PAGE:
How Women May Unknowingly
Be Making It Worse

Dr. Watson provides education on vaginitis and desquamative inflammatory vaginitis (DIV). She provides clarification on mistakes women often make about treating these conditions and what to consider if chronic vaginitis is experienced.
Polly Watson headshot

By Dr. Polly Watson

Cindi Michaelson:

Hi I’m Cindi Michaelson, Co-Founder of HER Health Collective and I’m here with Dr. Polly Watson. Dr. Watson is founder of Hormone Wellness MD. She is a board certified gynecologist, North American Menopause Society Certified Practitioner, and Institute for Functional Medicine Certified Practitioner.


I’m so excited to be here with you.


We are going to talk about a topic that I’m going to need a definition for, but I’m sure many moms will already know what this is. It’s called Vaginitis. Dr. Watson, what is vaginitis?


Dr. Watson:

Vaginitis is inflammation of the vagina. What I’m referring to is the tube inside your body and not the labia or the vulva on the outside of the body. We can get vaginitis from a sexually transmitted infection but that’s not what we’re going to talk about today. We are going to focus on more common things that moms in this group might experience such as yeast overgrowth, bacterial vaginosis (which often causes that stinky, fishy odor), and something called desquamative inflammatory vaginitis (DIV).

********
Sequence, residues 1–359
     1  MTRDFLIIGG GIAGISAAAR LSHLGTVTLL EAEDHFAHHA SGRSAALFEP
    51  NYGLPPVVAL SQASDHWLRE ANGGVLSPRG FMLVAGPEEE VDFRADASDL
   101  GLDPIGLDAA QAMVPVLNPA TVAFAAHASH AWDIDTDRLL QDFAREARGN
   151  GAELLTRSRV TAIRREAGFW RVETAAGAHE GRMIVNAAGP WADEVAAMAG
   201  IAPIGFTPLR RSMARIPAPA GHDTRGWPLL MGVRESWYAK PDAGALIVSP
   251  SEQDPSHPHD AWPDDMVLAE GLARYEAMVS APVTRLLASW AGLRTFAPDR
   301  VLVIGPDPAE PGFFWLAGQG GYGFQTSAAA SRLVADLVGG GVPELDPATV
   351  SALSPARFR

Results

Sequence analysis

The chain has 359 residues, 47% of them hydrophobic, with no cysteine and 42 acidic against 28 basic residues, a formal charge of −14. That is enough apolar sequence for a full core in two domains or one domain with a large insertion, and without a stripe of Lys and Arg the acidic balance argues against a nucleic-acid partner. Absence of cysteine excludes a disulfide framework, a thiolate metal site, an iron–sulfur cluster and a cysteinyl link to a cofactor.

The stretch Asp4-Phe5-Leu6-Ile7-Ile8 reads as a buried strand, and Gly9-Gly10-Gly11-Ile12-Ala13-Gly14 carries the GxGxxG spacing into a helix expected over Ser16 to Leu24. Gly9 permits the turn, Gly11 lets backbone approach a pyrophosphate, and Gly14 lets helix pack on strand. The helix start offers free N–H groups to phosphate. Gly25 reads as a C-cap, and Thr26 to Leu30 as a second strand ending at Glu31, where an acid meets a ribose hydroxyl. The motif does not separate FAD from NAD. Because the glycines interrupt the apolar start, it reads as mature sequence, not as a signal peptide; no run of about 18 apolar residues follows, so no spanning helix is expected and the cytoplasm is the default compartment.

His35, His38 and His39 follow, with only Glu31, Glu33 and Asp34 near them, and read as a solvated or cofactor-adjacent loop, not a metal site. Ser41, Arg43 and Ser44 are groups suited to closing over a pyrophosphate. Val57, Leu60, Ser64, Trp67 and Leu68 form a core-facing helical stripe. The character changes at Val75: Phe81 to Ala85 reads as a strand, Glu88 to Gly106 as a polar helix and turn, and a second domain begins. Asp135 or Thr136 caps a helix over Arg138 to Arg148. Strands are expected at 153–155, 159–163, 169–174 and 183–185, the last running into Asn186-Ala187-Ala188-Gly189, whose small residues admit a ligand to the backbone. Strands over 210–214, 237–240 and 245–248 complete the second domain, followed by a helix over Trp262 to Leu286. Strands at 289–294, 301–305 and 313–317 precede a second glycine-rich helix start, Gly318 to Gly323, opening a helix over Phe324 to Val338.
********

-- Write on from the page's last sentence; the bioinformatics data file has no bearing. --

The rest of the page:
DIV was initially put out there in the 90’s and so it’s not something that’s usually at the top of a gynecologist’s mind. I wanted to mention it today because I have seen some women who have said, “I’ve had this forever and I’m not getting better.” If we could educate about asking some questions and perhaps getting their health care practitioner to look under the microscope it might be a win for that group that’s having a hard time getting better.

I want to be a force to say this part of your body is beautiful and healthy and perfect just the way it is. A lot of the things that women do to “clean it up” are actually disrupting the natural processes that your body has to clean it out on its own.


What kind of mistakes do you see women make about treating vaginitis?


Dr. Watson:

I think a lot of times in gynecology, we are practicing science in the middle of a cultural framework, so a lot of times women come in with ideas that maybe culture has taught them or maybe their family’s have taught them, that this part of their body is stinky or smelly or dirty and needs all kinds of special cleaning. I want to be a force to say this part of your body is beautiful and healthy and perfect just the way it is. A lot of the things that women do to “clean it up” are actually disrupting the natural processes that your body has to clean it out on its own.